A typical Request Response cycle works such that client sends request to server and server responds to that request. But there are few use cases where we might need to send data from server without request or client is expecting a data that can arrive at anonymous time.There are few mechanisms available to solve this problem.
Server Side Events
Broadly we can classify these as client pull and server push mechanisms. Websockets is a bi directional mechanism where data is transmitted via full duplex TCP protocol. Client Pull can be done using various mechanisms like -
Manual refresh - where client is refreshed manually
Long polling where a client sends request to server and waits until response is received, as soon as it gets response, a new request is sent.
Short Polling is when a client continuously sends request to server in a definite short intervals.
Server Side events are a type of Server Push mechanism, where client subscribes to a stream of updates generated by a server and, whenever a new event occurs, a notification is sent to the client.
Why ServerSide events are better than polling:
Scaling and orchestration of backend in real time needs to be managed as users grow.
When mobile devices rapidly switch between WiFi and cellular networks or lose connections, and the IP address changes, long polling needs to re-establish connections.
With long polling, we need to manage the message queue and catch up missed message.
Long polling needs to provide load balancing or fail-over support across multiple servers.
SSE vs Websockets
SSEs cannot provide bidirectional client-server communication as opposed to WebSockets. Use cases that require such communication are real-time multiplayer games and messaging and chat apps. When there's no need for sending data from a client, SSEs might be a better option than WebSockets. Examples of such use cases are status updates, news feeds and other automated data push mechanisms. And backend implementation could be easy with SSE than with Websockets. Also number of open connections is limited for browser for SSE.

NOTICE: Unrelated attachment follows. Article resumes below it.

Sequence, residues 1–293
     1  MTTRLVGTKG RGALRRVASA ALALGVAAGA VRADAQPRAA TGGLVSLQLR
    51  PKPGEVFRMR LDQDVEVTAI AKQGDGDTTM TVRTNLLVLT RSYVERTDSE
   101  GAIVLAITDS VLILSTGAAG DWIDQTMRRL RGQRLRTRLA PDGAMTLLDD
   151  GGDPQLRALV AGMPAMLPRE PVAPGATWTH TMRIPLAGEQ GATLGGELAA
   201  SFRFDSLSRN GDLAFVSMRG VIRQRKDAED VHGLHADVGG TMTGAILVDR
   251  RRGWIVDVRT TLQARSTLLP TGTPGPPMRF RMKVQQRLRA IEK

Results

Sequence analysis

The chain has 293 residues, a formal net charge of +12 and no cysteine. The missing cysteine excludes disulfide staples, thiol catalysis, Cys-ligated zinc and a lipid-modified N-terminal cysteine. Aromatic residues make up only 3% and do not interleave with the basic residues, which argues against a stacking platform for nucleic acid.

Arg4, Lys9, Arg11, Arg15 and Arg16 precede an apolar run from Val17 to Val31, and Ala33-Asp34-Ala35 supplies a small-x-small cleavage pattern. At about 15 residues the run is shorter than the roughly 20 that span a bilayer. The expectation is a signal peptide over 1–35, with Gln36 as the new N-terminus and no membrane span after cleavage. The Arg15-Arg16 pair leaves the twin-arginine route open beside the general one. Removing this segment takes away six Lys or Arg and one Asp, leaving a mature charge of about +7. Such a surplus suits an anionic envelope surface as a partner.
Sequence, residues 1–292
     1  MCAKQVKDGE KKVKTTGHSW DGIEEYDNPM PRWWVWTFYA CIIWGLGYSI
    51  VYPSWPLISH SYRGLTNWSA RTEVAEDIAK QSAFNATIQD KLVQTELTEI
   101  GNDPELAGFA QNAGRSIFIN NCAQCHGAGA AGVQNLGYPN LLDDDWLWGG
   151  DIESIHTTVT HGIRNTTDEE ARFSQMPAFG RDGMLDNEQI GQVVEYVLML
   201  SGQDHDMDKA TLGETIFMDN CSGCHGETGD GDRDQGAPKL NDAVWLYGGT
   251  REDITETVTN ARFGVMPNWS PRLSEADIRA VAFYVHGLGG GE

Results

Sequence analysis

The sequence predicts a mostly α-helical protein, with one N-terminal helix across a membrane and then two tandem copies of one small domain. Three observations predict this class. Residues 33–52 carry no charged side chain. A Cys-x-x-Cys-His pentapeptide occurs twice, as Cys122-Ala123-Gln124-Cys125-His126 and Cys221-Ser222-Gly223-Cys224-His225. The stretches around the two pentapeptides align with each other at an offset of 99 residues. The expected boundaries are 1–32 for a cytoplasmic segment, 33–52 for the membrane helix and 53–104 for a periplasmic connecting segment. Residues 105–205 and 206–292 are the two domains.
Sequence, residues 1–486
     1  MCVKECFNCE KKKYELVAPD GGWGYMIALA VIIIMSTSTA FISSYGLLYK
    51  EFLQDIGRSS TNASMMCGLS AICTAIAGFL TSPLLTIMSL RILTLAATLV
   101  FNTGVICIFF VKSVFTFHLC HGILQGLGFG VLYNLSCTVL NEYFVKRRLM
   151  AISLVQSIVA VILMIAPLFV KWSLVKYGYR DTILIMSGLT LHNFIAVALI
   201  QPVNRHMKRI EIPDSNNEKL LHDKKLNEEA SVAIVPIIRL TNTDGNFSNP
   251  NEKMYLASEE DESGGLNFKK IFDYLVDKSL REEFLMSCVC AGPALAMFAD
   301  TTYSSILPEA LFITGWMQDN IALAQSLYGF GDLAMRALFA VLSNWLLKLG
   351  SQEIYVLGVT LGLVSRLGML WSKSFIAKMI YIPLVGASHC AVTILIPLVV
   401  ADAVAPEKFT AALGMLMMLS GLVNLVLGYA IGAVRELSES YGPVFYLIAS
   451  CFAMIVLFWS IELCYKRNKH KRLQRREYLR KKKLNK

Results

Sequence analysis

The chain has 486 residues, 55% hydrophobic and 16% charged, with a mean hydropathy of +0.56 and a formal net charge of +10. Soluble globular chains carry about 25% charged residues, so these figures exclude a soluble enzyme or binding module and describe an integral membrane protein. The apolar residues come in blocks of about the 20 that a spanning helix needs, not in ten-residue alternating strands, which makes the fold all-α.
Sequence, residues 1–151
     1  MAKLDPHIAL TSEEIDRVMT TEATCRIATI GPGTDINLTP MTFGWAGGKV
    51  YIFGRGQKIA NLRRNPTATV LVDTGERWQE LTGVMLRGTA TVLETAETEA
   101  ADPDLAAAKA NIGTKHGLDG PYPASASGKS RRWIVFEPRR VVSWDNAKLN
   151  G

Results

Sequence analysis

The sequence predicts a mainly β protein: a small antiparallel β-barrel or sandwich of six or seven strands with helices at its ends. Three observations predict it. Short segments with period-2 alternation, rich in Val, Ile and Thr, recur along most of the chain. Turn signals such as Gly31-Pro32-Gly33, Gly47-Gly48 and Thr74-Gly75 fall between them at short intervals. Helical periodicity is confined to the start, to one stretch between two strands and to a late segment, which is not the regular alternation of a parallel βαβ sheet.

Also, learn about WS vs SSE here.
The server side code for this can be implemented in any of the high level language. Here is a sample code for Python Flask SSE. Flask SSE requires a broker such as Redis to store the message. Here we are also using Flask APScheduler, to schedule background processes with flask .
Here we need to install and import ‘flask_sse’ and ‘apscheduler.’
Now we need to initialize flask app and provide config for Redis and a route or an URL where the client would be listening to this event.
To publish data to a stream we need to call publish method from SSE and provide a type of stream.
In client, we need to add an event listener which would listen to our stream and read messages.
Check out a sample Flask-React-Redis based application demo for server side events.
Here are some screenshots of client -
Use Cases of Server Side Events
Let’s see the use case with an example - Consider we have a real time graph showing on our web app, one of the possible options is polling where continuously client will poll the server to get new data. Other option would be to use server side events, which are asynchronous, here the server will send data when updates happen.
Other applications could be
Real time stock price analysis system
Real time social media feeds
Resource monitoring for health, uptime
In this blog, we have covered how we can implement server side events using python flask and react and also how we can use background schedulers with that. This can be used to implement a data delivery from the server to the client using server push.
About the Author
Sagar is a Senior Software Engineer at Velotio. He has worked on various open source and enterprise technologies fulfilling multiple roles, mostly on Python and AWS stack (SQS, Athena, Kinesis, Lambda etc). In free time he likes to watch web series, standup comedy and comedy sketches.